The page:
Guest blogger, Jan M. Flynn is the author of Corpse Pose: And Other Tales. Her stories appear in literary magazines and anthologies; two have won awards in national writing contests. Her debut novel The Moon Ran After Her has been excerpted by Noyo River Review. Jan lives and writes in St. Helena, CA.

Jan’s memoir, True Crime, reminds us sometimes we need to forgive ourselves.

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True Crime

In sixth grade, I took up shoplifting. The new set of friends I aspired to were a year older than me and already in junior high, so their rung on the social ladder was several steps above mine.  It was going to take more than go-go boots and a smart mouth to infiltrate their tribe.

 

 

This was made clear one Saturday afternoon when Betsy, Valery and Cindy — three of my new compatriots — and I walked the three miles to the mall for a slow cruise through J.J. Newberry’s discount store. We had nothing to spend but time, having blown our allowances on pizza and Dippity-Do for our slumber party the night before, but Newberry’s was always worth a look. It carried everything from paisley-printed tent dresses to live chicks at Easter, and for us it served as a pop-culture training ground.

Unknown-1.jpegMoreover there was the slight prospect of encountering Sam Blakeman and his friends there. Blakeman was in eighth grade, had long surfer-style hair that fell into his eyes in just the right way, and liked to be seen with an unlit cigarette dangling from his lips.  Of course we didn’t expect to actually speak to him. The hope was to simply observe from a safe distance and discuss our findings afterwards.

imagesWe made languid progress through the aisles, thumbing through the .45 records, scanning the teen magazines and lingering over the discount jewelry.  I trailed my companions, doing my best to emulate their tough-girl saunter.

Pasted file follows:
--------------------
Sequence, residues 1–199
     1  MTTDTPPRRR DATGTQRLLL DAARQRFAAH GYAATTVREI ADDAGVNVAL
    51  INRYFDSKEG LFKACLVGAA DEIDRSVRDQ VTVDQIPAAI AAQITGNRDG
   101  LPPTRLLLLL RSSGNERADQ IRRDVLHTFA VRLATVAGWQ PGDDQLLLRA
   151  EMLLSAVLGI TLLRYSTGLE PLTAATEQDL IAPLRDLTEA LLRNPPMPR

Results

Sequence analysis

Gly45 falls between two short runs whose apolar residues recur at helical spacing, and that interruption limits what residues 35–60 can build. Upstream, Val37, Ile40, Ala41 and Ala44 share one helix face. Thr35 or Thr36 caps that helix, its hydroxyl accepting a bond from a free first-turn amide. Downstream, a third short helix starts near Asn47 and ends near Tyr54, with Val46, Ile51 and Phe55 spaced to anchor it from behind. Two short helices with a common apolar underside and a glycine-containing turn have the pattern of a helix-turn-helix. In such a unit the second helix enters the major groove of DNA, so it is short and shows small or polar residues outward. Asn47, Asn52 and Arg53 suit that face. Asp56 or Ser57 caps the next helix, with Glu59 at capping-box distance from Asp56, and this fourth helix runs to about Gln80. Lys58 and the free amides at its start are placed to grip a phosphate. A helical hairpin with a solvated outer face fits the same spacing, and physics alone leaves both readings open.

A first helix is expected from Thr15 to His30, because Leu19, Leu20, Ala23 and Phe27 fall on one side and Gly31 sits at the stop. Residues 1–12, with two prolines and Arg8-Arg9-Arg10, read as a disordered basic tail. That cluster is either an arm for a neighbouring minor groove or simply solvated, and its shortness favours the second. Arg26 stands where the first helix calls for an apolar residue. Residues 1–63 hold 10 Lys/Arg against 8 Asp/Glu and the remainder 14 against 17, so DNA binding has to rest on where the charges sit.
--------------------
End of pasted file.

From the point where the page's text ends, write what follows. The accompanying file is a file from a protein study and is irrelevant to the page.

Blakeman and his crew were nowhere to be seen. Time stretched. My attention wandered. I drifted into the pet section and was chatting up the parakeets when Betsy appeared at my side, gripping my arm with sudden urgency.

Here you are. C’mon!” she muttered, already towing me toward the exit.

“What’s the matter?” I asked.

“Christ on a crutch, shut up,” she ordered in a fierce whisper, “Let’s go!”

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Impressed with her blaspheming, I kept silent as she propelled me through the crowded store, past the exit, and down the walkway in front. We didn’t stop until we reached the entrance to Macy’s, a half-block away. There we rejoined Valery and Cindy, who leaned against a low wall, Cindy smoking a Marlborough with elaborate nonchalance.

“So what’d you get?” Betsy asked Valery.

Valery, with a renegade smirk worthy of James Dean, stuck out her tongue to reveal a small unicorn pendant on a silver chain.

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Realization dawned. “You stole that?” I gasped.

Valery spit the trophy into her palm. “Five finger discount,” she explained. “Everybody does it.”

images-14By “everybody”, she meant anybody she would want to hang out with. A flutter developed somewhere below my ribs. I had always been a good girl, obeying my parents, getting good grades, going to church. But I saw now that something more was demanded of me.

It took me a couple of weeks to work up the nerve to steal something myself. As it was, my career was short.  I got away with one successful heist — a lipstick fished out of a clearance bin at Woolworth’s — and the combination of suspense, danger, and guilt made me giddy. Valery and the others granted me their cool approval.

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Not long after, I was with one of my neighborhood friends, Sally Peterson, a playmate since preschool. She and I were in the same grade, relegating her to my social B-list. We walked down Harbor Street and along 6thAvenue toward downtown, a drab two-block commercial strip. I was practicing my swagger, wearing the pants I had wheedled Mom into pegging tight all the way down to my still-pudgy ankles. As we neared the drugstore, I let Sally in on the secret of my new thievery skills. She was satisfactorily shocked.

“It’s no big deal,” I said. “Watch this.”